We are looking forward to welcoming you to the 40th International Labour Process Conference, which will take place in Padua, Italy, 21 – 23 April 2022. The ILPC 2022 will be held in a hybrid format. You can choose to participate online or in person. Registration for Online Participation is open until SUNDAY APRIL 3rd. MORE INFORMATION ABOUT REGISTER HERE.
About the conference:
The 2022 Conference focusses on labour mobility and the mobilization of workers, aiming to develop its theoretical understanding, the implications of migration in the labour process and its connections with work and migration policies. The theme of labour mobility encompasses a variety of related topics, from migrants’ experiences of the labour market to wider issues of occupational mobility in the labour processes. The movement of workers in and out of jobs and occupations is especially important given the growth of precarious employment and the gig economy where insecure workers fear remaining forever stuck in the same spiral of mini jobs or social instability.
The Coronavirus pandemic has had tremendous implications on both of these understandings of labour mobility. On the one side, the tensions around labour migration have been exacerbated by the health crisis and the subsequent border closure, showing how the mobility of labour is crucial for many actors – workers, employers, states, unions but also temporary agencies and brokers – involved in the labour processes. On the other side, the (post?)-coronavirus time risks to worsen the segmentation of labour market along the lines of gender, race, nationality, age, education, social class and visa status.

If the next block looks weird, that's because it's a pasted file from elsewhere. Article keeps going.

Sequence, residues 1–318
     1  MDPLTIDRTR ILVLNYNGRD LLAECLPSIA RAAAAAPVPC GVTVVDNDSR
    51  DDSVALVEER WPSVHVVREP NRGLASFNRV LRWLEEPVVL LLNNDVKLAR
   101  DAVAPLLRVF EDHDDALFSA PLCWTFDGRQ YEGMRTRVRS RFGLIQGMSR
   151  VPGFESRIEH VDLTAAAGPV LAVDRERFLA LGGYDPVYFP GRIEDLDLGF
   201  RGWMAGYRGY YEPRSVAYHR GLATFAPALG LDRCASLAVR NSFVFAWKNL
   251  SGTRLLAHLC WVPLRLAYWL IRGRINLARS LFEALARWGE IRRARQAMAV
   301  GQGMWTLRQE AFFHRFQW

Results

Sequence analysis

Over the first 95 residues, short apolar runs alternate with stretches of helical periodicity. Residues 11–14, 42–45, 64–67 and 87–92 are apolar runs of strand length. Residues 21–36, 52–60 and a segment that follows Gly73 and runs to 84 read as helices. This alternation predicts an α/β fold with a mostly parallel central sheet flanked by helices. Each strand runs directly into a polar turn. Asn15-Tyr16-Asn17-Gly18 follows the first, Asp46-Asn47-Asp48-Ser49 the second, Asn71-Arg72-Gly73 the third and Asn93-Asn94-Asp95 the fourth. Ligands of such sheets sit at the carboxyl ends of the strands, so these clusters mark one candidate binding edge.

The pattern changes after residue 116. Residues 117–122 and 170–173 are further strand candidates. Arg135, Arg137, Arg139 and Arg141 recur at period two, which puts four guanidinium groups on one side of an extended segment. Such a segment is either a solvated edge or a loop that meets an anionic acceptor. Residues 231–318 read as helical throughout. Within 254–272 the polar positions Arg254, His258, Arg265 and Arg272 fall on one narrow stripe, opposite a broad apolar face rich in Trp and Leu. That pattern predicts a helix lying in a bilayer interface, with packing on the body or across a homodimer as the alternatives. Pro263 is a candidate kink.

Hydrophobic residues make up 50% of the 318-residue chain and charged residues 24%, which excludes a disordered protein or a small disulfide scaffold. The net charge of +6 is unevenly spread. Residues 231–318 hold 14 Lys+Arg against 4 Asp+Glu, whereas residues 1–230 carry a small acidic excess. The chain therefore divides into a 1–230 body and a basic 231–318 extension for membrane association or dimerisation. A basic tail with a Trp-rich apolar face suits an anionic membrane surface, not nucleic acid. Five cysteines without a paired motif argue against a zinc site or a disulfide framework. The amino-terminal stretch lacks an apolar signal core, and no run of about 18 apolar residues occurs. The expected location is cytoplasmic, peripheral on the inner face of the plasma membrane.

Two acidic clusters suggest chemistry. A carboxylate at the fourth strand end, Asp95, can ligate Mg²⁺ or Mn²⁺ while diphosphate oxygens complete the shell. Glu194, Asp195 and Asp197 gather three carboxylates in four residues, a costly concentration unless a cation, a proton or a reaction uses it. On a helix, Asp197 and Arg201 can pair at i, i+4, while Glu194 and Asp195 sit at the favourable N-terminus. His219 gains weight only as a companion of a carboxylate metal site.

This bulk of reflections mingles with the great amount of attention towards how social reproduction activities are interlinked with labour processes and in particular with the mobility of labour. While occupational mobility in the labour market is indeed strongly influenced by domestic and caring work in the household, international labour migrations sustain the social reproduction activities occurring in the country of origin and destination of migrant workers and their families.
Another key aim of the Conference is to understand how labour mobility shapes work and employment relations, affecting both dynamics of control and resistance in the labour process and individual and collective actions. Although labour turnover and subjective mobility practices have been, for long time, conceived as opposed to collective strategies to organize labour, the experiences of workers’ mobilizations show how boundaries between the two are actually much more blurred.
Therefore, the Conference will address the role of labour mobility in the international labour process, by developing a debate on several aspects: at a critical time of change for the world economy following the pandemic, how do labour migrations and the mobility of workers across borders, sectors and occupations shape and are shaped by changing labour processes? How do technological and social changes in work controls and production processes interact with the mobility of workers across jobs and borders? How do the mobilizations of workers challenge the dichotomy between individual and collective forms of actions?